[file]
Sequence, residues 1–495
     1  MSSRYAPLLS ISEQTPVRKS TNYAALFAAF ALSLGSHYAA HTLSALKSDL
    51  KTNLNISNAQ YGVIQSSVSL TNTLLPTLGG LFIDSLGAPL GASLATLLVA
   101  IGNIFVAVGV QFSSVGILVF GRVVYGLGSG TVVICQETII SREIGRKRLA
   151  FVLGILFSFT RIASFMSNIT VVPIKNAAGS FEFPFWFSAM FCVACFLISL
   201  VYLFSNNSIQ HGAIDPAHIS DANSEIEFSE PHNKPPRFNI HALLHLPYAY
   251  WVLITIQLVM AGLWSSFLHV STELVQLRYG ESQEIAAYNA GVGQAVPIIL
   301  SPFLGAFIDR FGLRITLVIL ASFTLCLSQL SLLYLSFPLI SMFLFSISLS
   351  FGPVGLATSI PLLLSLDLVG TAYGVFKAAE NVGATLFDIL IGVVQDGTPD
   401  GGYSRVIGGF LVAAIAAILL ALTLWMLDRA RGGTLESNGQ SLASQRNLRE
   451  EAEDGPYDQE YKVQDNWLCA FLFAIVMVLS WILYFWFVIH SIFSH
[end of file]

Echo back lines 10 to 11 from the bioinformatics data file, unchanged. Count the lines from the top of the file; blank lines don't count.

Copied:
   401  GGYSRVIGGF LVAAIAAILL ALTLWMLDRA RGGTLESNGQ SLASQRNLRE
   451  EAEDGPYDQE YKVQDNWLCA FLFAIVMVLS WILYFWFVIH SIFSH